Colon cancer is the second most common forms of cancer, and is associated with a significant mortality. There is no single cause for colon cancer. The presence of benign growths in the colon, family history of colon cancer, and dietary factors are some of the factors that predispose to colon cancer. The disease is completely treatable if diagnosed early.
Researchers are now trying to develop a practical test to predict a person's risk of colon cancer by looking for a particular biological marker in the blood. If successful, the test could be broadly applied to identify those who most need to be monitored with invasive but standard colonoscopy or who should make changes in their diet or in other factors to help lower their risk of developing colon cancer.
It has been suspected that genomic changes underlie cancer risk. The BRCA1 and BRCA2 genes implicated in breast and ovarian cancers are great examples, but they are applicable only to a small percentage -- less than one percent -- of women. The knowledge hasn't been translated yet into a broadly applicable way to identify individuals most at risk.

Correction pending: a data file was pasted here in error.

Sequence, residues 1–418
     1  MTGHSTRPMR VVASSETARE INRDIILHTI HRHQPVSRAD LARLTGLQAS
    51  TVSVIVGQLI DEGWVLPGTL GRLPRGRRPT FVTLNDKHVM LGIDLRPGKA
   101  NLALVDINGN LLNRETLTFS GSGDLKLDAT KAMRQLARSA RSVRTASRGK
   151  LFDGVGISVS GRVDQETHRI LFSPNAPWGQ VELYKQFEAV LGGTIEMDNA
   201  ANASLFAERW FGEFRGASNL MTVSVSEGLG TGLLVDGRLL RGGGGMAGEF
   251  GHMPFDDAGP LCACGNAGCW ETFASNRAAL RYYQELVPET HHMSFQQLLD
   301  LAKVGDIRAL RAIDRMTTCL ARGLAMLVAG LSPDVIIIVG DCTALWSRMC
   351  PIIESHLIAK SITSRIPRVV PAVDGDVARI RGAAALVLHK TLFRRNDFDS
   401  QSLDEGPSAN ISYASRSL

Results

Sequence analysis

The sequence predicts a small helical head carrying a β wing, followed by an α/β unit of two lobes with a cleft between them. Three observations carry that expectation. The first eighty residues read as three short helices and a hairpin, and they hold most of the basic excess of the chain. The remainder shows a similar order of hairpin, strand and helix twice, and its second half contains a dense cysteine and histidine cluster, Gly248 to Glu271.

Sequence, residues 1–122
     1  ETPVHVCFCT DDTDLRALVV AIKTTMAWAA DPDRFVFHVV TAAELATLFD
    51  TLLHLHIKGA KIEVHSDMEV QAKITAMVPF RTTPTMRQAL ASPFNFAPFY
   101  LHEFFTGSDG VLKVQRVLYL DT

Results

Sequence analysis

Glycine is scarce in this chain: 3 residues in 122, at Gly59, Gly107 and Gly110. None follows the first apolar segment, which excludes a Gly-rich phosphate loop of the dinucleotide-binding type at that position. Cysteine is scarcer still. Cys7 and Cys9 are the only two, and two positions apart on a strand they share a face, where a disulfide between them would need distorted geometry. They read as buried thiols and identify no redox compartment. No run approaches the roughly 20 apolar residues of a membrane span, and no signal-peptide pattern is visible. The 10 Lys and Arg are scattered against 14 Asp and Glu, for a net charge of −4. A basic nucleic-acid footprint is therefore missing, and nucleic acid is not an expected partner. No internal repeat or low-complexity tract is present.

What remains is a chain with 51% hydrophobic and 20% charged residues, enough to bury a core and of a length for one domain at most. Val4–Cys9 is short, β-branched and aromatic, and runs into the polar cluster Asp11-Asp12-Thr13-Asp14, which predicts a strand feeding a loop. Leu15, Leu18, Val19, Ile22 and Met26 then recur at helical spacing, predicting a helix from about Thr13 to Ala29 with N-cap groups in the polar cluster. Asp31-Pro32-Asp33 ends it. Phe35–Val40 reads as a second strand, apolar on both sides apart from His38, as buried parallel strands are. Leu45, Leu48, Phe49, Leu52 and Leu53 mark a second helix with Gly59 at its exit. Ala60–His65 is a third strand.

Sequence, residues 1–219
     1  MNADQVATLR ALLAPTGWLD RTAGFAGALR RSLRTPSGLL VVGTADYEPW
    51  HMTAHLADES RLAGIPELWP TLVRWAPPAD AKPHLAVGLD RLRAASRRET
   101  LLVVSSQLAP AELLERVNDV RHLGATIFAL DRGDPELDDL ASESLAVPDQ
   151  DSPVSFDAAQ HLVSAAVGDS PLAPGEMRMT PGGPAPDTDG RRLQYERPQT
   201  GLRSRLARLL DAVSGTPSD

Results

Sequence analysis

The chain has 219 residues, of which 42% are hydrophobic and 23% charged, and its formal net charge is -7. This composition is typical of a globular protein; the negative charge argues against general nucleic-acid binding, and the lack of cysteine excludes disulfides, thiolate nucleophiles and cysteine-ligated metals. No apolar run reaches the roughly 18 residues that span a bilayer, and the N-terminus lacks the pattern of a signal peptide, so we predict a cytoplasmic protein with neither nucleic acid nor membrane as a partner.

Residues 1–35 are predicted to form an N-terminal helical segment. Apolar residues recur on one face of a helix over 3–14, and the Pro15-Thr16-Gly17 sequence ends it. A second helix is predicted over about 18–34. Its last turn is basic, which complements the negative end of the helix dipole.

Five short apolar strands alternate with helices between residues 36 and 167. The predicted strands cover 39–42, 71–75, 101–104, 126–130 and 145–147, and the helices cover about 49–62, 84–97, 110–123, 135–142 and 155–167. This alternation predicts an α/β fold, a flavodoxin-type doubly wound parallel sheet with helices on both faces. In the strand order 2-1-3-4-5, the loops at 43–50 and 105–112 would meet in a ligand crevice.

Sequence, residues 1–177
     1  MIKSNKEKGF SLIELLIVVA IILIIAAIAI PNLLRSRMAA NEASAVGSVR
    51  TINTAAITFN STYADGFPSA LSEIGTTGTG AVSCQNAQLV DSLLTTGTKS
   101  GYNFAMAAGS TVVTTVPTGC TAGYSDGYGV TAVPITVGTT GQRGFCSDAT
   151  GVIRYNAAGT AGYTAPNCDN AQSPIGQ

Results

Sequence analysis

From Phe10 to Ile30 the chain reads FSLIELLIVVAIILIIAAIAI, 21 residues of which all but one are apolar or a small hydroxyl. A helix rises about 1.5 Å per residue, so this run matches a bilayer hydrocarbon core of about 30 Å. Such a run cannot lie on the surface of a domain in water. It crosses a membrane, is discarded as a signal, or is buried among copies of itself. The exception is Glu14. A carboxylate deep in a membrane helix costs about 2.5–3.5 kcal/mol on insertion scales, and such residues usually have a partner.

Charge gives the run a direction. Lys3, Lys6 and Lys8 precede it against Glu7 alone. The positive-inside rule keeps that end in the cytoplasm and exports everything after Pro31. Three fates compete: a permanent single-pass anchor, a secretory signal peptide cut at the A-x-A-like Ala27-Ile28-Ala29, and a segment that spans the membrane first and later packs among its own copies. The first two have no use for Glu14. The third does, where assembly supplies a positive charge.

The changes associated with IGF-2 levels are linked to epigenetic mechanisms- changes in what is attached to genetic material. An epigenetic process called "imprinting normally controls the IGF-2 gene" in which the level of protein production proteins on which parent the copy came from.
For IGF-2, only the gene copy inherited from the father should be turned on, and that from the mother should be off. In about five percent to 10 percent of people, however, both copies of the gene are turned on -- a problem called loss of imprinting, leading to cancer formation.
The attempt is based on the fact that five percent to 10 percent of people have improper control of a growth-promoting gene called insulin-like growth factor 2 or IGF-2. It has been regarded that increased levels pf this protein is associated with the initiation and subsequent development of colon cancer.
If the levels of IGF 2 are found to be linked to colon cancer and a blood test is developed to assess the levels to this protein, perhaps it could lead to a less invasive option for identification of high-risk individuals. It would be as simple as measurement of cholesterol levels as a risk factor for heart disease.